Why: In Die Dreigroschenoper, or The Threepenny Opera, one of composer Kurt Weill’s goals in his collaboration with Bertolt Brecht was to bring opera, primarily an art form enjoyed through the centuries by the wealthy, snobbish elite and royalty, to the common people, making the story and music accessible and the production affordable. During the pandemic, technological online innovation has accomplished just that organically, with such shows as White Snake Projects’ excellent Alice in the Pandemic, which sent the protagonist, an ER nurse, down the rabbit hole in search of her coronavirus-infected mother, journeying through an animated video-game-like dark and empty wonderland, with the singers performing live (October 23-27, free); Orpheus Chamber Orchestra’s version of Beethoven’s Egmont, with the masked, socially distanced musicians playing in a New Jersey bandshell, accompanied by narrator Liev Schreiber and soprano Karen Slack (October 17-22, $15); Here Arts Center’s Zoom opera for all decisions will be made by consensus, a short work broadcast live on Facebook and Zoom about a Zoom meeting (April 24-26, free); and On Site Opera’s To My Distant Love, an adaptation of Beethoven’s six-song cycle, An die ferne Geliebte, delivered via email and cell phone (June - August, $40). Meanwhile, the Met, which will be closed through at least next summer, has been streaming more than 150 video and audio recordings of performances dating back to the 1950s (initially free, now $4.99 each or $14.99 monthly).
So it makes sense that City Lyric Opera (CLO), founded in 2016 by Megan Gillis and Kathleen Spencer to “provide a one-of-a-kind experience for audience members by welcoming them to the operatic art form without judgment, expectation, or financial burden,” is taking on The Threepenny Opera itself. “With the Dreigroschenoper we reach a public which either did not know us at all or thought us incapable of captivating listeners,” Weill explained way back when. “Opera was founded as an aristocratic form of art. If the framework of opera is unable to withstand the impact of the age, then this framework must be destroyed.” Weill and German playwright and librettist Brecht adapted John Gay’s 1728 The Beggar’s Opera, translated by Elisabeth Hauptmann, Brecht’s lover at the time, adding several songs based on works by fifteenth-century French poet and thief François Villon. The work, set during the Victorian era, premiered in Berlin in 1928; it was a Broadway failure in 1933, in a translation by Jerrold Krimsky and Gifford Cochran. However, Marc Blitzstein’s 1952-54 English translation became a hit and is the version we know today, and the one that will be used by CLO, which was scheduled to stage a full, in-person production this season. It has now been reimagined for the internet, being livestreamed in two back-to-back parts, Thursday to Sunday from October 29 to November 15. Tickets are $12 to watch and $24 with a live, interactive toolkit that incorporates the audience into the narrative. (Glow sticks, anyone?) The piece was developed at Here Arts Center, where director Attilio Rigotti and scenographer Anna Driftmier worked with the cast socially distanced in separate Covid performance boxes, each with its own design and lighting.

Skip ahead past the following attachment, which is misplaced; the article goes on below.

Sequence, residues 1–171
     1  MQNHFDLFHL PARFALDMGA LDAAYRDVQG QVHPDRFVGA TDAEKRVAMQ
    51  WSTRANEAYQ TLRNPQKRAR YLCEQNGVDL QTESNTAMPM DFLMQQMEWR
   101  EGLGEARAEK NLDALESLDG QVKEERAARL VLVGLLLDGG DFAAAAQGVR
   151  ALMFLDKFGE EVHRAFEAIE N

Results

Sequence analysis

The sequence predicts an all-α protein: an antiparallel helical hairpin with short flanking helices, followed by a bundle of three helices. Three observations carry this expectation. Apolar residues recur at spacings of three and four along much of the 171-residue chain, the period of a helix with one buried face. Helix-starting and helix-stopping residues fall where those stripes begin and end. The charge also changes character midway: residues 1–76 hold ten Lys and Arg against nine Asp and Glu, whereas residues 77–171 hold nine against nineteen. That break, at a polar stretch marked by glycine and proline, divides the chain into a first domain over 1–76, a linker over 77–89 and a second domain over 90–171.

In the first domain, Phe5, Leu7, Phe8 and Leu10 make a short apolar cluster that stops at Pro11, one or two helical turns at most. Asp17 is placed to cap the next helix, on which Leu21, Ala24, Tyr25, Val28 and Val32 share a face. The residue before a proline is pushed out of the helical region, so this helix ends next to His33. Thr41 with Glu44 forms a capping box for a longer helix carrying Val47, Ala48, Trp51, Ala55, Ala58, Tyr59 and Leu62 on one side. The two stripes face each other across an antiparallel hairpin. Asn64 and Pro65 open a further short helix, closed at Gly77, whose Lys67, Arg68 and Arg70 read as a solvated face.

The company features baritone Justin Austin as Macheath, tenor Kameron Ghanavati as Filch/Smith/Ensemble, baritone Philip Kalmanovitch as Mr. Peachum, soprano Sara LaFlamme as Polly Peachum, soprano Sara LeMesh as Lucy Brown, baritone Michael Parham as Jackie “Tiger” Brown, mezzo-soprano Rachelle Pike as Mrs. Peachum, soprano Gretchen Pille as Dolly, mezzo-soprano Mary Rice as Bob/Berry, tenor Thomas Walters as Jake, baritone Shane Brown as Walt, tenor Geddy Warner as Matt, and mezzo-soprano Shanelle Valerie Woods as Jenny. The conductor and music director is Whitney George, leading the Curiosity Cabinet: Jared Newlen (reed I: clarinet, alto sax), Ben Solis (reed II: clarinet, alto sax), Hugh Ash (trumpet I), Clyde Dale (trumpet II), David Whitwell (trombone), Markus Kaitila (piano/celeste/harmonium), Joe Tucker (timpani, percussion), and Justin Rothberg (banjo, guitar). With its bitingly satirical view of capitalism and societal norms, The Threepenny Opera should feel right at home online in 2020, as we are all sheltering in place, in the midst of health and economic crises and a contentious presidential election where decency, humanity, wealth inequality, health care, and the social contract are on the ballot.
Who: Ronald Guttman, Dr. Stephen Petrus
What: One-man show and Q&A
Where: FIAF Vimeo
When: Through Wednesday, October 28 at 11:59 pm, free
Why: On October 1, Belgian actor Ronald Guttman took the stage at FIAF’s Tinker Auditorium and performed the solo work The Fall for an in-person audience of twenty-five, in addition to many more watching the livestream from wherever they are sheltering in place. The sixty-minute piece is an English-language adaptation by Alexis Lloyd of Albert Camus’s 1956 novel La Chute, consisting of monologues by Parisian ex-pat former lawyer Jean-Baptiste Clamence, examining the meaning of the life he has lived as he hangs out in a seedy Amsterdam dive bar in the red light district. “Pleased to make your acquaintance,” Clamence says at the beginning, speaking directly to the audience before explaining a moment later, “There’s only one thing simple about me; I don’t own anything. I used to. I used to be wealthy back in Paris.” For the next hour, he shares stories about Holland, modern man, fornication, mysterious laughter, memory, and shame, describing himself as a “judge-repentant,” walking across the stage with an elegiac look, wondering what could have been. (The show is directed by Didier Flamand.) FIAF has made the stream available for free through October 28 at midnight, including a twenty-minute Q&A with the New York-based Guttman, moderated by Dr. Stephen Petrus. Guttman has been performing The Fall in different iterations for more than twenty years, so his familiarity with the existential material makes this well worth watching before it disappears forever.